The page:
F.A.S.T. unveils extensive policy agenda
Hundreds of voters packed the E.F.K.S. Hall at Mulinu’u to hear a comprehensive policy manifesto unveiled by Samoa’s biggest opposition party: Fa'atuatua i le Atua Samoa ua Tasi (F.A.S.T.).
Party founder, Human Rights Protection Party (H.R.P.P.) exile and former Minister, La'auli Leuatea Schmidt announced a wide range of the party’s policies to a receptive room full of supporters on Friday.
"I am speaking with humility, we are not preparing a losing party for the country; the Lord will prepare the way for us," he said.
By his side was the party’s deputy leader, former independent Member of Parliament, Olo Fiti Vaai.
The country’s former Deputy Prime Minister Fiame Naomi Mataafa was also in attendance and spoke at the event.
F.A.S.T. introduced its candidates and long-term plans for the April election.
The party, which has registered 49 candidates for the election, outlined its most comprehensive policy platform and manifesto since the party was formed after La’auli was kicked out of the H.R.P.P. in May.
The platform was warmly received by voters and wide-ranging.
Laauli revealed that the party's plans to return the Head of State position to a life term while putting a limit on Prime Ministerial terms.
(Earlier in the week he told a Savai’i audience the party would install a head of state from the big island).
The party also undertook to hold a Commission of Inquiry into the Government’s handling of the measles epidemic which claimed 83, mostly infant lives. The handling of the aid received by the Government to handle the COVID-19 crisis would also come under the microscope, La’aului promised.
In another policy that, if implemented, would significantly change the dynamics of Samoan politics, La'auli said F.A.S.T. would enfranchise overseas-based Samoans to vote in elections.
The party also aims to increase pension to $200, introduce a new benefit for people with a disability of $100 a month and make the ferry prices between Upolu and Savaii cheaper.
On questions such as education, infrastructure and agriculture, the party substantive alternative policies.
In regards to education, he said the mission school teachers will come under the payroll of the government.
In a significant proposed reform for infrastructure spending, Laauli said $51 million would be put away each Financial Year for the future use of each of Samoa’s 51 Parliamentary constituencies. The money would be distributed to villages who would have charge of making their own developments rather than waiting on the central Government.
For agriculture, Laauli said $20 million will be invested into the farming industry to ensure stable development as well as the revival of the Export Authority to ensure produce is used.
Laauli added that they plan to remove the penalty of $2000 imposed on voters who fail to register on time.
He added that the building of Tiavea Airport and Vaiusu wharf will be ceased, and rather direct efforts in booting and bettering the existing wharves and airport, "save Samoa from having more debts."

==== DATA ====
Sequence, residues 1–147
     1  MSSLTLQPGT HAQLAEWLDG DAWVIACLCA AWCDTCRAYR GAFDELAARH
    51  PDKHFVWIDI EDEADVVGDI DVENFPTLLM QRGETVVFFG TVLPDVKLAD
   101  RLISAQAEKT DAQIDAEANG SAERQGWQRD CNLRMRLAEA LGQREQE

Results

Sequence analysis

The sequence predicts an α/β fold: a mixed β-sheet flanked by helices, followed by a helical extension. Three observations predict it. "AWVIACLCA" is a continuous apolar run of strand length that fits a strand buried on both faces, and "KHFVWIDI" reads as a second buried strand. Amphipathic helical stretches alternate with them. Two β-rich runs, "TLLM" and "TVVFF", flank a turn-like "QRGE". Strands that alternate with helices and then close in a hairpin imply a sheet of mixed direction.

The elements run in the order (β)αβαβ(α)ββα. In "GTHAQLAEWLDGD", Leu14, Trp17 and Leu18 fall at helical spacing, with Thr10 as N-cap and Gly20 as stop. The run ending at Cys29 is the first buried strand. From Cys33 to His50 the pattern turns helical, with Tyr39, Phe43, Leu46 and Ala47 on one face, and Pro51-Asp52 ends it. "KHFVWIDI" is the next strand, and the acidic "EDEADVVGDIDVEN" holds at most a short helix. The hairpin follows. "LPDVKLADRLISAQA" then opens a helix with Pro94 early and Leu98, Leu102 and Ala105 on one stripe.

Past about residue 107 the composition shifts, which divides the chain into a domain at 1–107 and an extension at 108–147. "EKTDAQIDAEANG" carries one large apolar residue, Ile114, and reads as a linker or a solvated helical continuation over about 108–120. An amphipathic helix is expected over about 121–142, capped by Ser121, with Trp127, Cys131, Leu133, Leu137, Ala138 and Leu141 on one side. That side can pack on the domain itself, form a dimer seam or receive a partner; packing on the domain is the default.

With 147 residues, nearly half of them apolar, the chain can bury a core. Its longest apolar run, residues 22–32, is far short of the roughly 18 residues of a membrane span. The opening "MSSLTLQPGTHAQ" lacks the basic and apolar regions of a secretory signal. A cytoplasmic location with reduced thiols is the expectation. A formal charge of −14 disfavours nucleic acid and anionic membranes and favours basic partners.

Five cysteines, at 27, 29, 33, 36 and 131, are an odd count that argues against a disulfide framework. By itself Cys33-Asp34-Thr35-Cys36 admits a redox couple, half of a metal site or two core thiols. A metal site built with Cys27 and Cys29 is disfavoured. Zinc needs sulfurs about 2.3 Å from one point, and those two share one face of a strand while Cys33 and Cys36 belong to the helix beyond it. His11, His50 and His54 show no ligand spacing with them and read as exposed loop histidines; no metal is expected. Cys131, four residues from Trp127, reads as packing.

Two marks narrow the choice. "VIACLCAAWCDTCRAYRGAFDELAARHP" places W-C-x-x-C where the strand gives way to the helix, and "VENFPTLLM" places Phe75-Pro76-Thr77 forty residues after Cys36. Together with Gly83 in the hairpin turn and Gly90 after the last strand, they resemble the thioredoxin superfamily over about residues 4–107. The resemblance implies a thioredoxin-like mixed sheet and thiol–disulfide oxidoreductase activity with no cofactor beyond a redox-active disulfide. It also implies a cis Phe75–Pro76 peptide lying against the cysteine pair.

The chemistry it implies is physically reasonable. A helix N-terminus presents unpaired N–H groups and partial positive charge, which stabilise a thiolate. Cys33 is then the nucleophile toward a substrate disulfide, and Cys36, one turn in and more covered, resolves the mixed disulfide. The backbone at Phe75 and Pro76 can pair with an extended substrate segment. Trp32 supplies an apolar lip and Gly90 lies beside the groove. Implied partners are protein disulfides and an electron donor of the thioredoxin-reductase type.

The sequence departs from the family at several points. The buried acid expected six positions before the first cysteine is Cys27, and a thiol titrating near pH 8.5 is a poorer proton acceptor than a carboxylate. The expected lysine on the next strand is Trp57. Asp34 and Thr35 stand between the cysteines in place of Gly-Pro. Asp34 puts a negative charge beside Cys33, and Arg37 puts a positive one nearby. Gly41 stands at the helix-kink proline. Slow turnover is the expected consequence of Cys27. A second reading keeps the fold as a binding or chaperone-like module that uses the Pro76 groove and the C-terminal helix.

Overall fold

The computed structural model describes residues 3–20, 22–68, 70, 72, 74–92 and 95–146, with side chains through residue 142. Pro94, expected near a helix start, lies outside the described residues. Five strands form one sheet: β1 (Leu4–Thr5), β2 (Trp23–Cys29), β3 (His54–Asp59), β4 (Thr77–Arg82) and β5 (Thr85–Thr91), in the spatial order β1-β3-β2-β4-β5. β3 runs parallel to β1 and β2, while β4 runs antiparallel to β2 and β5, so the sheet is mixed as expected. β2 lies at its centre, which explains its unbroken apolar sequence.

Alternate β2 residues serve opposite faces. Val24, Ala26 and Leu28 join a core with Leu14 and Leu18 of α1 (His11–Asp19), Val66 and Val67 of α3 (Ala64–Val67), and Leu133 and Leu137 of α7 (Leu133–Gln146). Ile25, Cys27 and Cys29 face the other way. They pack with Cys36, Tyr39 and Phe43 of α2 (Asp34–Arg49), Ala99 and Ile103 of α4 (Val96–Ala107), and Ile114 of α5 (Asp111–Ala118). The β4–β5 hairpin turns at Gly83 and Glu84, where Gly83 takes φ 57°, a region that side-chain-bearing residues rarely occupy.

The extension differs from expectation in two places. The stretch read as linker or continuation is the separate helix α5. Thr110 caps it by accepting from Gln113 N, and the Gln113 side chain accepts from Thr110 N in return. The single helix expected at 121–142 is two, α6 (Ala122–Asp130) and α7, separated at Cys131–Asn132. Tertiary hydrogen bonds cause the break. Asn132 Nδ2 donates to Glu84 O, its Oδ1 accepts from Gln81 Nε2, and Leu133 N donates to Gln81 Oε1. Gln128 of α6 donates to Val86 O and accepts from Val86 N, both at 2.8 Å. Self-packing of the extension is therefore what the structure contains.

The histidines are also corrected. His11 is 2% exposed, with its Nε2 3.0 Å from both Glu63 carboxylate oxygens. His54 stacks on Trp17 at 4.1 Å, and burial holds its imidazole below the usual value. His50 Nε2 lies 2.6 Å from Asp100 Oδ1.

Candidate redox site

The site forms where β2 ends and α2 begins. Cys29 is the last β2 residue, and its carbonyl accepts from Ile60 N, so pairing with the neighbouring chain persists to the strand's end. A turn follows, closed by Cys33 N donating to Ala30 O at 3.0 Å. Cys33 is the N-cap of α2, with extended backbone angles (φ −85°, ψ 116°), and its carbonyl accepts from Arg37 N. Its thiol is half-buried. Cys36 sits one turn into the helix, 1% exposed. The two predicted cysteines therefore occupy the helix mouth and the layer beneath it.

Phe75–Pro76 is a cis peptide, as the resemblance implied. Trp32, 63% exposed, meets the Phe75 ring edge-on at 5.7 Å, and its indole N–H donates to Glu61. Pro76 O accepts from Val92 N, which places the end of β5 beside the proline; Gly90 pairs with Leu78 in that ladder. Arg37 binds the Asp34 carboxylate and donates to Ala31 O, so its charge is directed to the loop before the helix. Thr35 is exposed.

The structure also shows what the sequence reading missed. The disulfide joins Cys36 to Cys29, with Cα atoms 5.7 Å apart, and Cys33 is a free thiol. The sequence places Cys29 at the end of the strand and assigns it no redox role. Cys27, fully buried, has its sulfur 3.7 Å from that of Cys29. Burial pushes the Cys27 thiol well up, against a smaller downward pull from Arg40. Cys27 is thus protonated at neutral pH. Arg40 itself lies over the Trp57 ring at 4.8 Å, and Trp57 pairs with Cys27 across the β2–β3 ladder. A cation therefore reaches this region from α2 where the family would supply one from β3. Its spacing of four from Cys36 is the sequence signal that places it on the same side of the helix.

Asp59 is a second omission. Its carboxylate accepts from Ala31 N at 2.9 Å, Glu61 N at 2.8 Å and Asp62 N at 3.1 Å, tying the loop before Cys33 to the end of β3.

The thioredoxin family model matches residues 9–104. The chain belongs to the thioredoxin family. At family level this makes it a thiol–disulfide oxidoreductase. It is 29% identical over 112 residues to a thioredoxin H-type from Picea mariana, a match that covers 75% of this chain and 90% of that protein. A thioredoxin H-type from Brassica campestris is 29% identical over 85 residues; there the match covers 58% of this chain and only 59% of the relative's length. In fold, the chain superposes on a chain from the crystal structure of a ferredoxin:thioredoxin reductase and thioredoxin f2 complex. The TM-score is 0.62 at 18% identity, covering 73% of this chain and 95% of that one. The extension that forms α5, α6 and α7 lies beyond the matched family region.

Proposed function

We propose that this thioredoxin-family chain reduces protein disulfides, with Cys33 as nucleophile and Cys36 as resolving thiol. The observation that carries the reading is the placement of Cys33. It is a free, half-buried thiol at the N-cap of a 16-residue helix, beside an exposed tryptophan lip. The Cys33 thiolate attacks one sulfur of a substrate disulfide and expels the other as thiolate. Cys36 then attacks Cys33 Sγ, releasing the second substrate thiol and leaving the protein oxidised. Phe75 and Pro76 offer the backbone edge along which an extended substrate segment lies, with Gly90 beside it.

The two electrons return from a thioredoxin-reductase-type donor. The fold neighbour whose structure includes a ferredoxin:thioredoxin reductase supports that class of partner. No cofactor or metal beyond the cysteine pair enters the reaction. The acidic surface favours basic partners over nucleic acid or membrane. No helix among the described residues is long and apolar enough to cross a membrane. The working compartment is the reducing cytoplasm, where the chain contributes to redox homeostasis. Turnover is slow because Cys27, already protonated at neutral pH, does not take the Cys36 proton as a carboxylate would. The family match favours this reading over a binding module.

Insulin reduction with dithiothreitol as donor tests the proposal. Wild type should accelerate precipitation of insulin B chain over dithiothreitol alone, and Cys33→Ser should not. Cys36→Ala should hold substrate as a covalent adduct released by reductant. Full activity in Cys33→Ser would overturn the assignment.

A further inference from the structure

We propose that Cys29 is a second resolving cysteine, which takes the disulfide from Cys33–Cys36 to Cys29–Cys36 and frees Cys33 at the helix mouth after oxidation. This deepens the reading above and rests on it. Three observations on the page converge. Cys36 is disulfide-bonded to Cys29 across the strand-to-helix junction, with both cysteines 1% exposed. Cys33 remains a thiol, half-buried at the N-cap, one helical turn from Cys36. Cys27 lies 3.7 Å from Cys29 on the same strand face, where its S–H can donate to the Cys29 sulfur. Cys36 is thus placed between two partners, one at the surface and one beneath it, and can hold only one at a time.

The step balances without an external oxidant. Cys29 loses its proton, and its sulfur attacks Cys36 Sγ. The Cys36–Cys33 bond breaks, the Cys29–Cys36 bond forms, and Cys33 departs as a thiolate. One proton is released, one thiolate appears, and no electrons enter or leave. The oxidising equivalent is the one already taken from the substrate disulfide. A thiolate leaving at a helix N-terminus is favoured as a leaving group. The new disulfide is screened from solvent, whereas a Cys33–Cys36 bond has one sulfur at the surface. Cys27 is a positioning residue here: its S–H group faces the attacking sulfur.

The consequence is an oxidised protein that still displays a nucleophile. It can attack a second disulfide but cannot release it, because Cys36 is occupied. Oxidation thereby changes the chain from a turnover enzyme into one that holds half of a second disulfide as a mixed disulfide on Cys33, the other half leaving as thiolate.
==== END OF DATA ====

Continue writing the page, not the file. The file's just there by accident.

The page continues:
During the event, F.A.S.T. leader, Laauli told the room full of attendees that the heart of the party is to return Samoa to the way it used to be; before the unwanted and unconstitutional changes came in effect, impacting the lives of Samoans.
Laauli reminded the people not to sell their ballot selection for wealth, but rather invest it in their futures through F.A.S.T.
"Samoa you have the authority to choose with love and consideration for the future generations of Samoa, look ahead to the unborn generations of Samoa," he said.
"And right now, I don't have to say it, you all know there is suddenly a lot of wealth being given out. Money is starting to flow in through your doors and windows. And you are starting to see development changes you normally do not see.
"And why? Because it is nearing the time of your selection. Our only prayer Samoa is that you do not sell your vote."
La'auli said that power is not F.A.S.T.'s goal, but said it seeks the people's trust and faith and authority (pule) to choose their leaders from F.A.S.T.
Religious denomination leaders from the Congregational Christian Church of Samoa, Samoa Methodist Church, Catholic as well as the Seventh Day Adventist also blessed the F.A.S.T. candidates as part of the devotion service of the event.
The crowd was engaged with the speeches and the policy announcements were met with claps and cheers.
F.A.S.T. has also previously announced plans to repeal the law requiring the Head of State and Church Ministers to pay taxes and put more reinforcing measures to tackle the corruption in the Government.
F.A.S.T. also proposed the introduction of hospital provided food for all hospitals of Samoa, saying at the moment only the main hospital patients at Motootua are being served with food while patients in Savaii do not.
F.A.S.T. has 49 registered candidates running in the upcoming election with six others running as independent candidates.